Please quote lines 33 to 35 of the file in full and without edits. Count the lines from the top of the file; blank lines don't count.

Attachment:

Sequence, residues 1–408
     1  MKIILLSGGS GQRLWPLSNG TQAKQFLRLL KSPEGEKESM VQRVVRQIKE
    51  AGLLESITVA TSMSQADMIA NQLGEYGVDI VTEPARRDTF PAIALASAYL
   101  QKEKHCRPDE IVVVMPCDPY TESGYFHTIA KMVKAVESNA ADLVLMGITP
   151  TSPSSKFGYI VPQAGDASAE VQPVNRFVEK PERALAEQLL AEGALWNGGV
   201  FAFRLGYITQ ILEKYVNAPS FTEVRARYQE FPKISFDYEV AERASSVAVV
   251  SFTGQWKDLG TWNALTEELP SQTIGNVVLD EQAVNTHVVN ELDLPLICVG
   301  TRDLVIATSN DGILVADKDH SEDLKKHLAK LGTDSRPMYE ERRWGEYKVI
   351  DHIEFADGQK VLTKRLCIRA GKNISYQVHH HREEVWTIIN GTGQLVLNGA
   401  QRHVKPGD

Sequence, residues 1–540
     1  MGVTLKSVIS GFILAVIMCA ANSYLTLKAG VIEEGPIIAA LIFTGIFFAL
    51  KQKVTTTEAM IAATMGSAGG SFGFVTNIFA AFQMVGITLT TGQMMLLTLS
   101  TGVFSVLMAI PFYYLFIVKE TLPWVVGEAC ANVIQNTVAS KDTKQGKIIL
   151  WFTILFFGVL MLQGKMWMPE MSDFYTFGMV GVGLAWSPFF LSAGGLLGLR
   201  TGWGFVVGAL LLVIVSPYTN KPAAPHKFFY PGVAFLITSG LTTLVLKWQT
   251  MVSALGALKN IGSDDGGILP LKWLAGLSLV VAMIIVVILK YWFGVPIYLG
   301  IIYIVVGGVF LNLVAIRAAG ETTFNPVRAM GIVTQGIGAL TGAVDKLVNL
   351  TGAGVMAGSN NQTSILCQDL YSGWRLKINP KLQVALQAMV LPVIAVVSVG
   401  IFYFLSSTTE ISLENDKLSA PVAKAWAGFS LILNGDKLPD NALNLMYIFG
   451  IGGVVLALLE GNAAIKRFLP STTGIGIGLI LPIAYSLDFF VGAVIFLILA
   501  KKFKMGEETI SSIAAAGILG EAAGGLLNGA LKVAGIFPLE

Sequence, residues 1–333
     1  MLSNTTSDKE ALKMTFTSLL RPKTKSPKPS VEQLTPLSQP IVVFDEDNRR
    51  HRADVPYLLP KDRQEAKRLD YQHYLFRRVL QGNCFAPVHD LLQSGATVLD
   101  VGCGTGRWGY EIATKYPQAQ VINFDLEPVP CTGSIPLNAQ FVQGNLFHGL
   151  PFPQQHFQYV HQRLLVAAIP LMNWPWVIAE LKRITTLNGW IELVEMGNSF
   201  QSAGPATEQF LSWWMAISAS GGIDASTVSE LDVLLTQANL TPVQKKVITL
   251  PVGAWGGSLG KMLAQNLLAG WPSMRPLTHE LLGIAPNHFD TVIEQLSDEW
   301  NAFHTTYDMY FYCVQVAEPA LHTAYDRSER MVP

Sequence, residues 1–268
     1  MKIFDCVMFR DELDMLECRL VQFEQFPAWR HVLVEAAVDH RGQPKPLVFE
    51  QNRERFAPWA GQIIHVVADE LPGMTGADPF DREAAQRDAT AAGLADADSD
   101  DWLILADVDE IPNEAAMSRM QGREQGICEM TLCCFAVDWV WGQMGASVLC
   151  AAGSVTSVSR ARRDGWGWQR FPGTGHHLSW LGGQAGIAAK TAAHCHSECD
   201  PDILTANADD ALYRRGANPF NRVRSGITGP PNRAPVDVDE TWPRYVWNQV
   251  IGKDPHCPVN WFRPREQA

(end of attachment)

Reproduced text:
    51  QNRERFAPWA GQIIHVVADE LPGMTGADPF DREAAQRDAT AAGLADADSD
   101  DWLILADVDE IPNEAAMSRM QGREQGICEM TLCCFAVDWV WGQMGASVLC
   151  AAGSVTSVSR ARRDGWGWQR FPGTGHHLSW LGGQAGIAAK TAAHCHSECD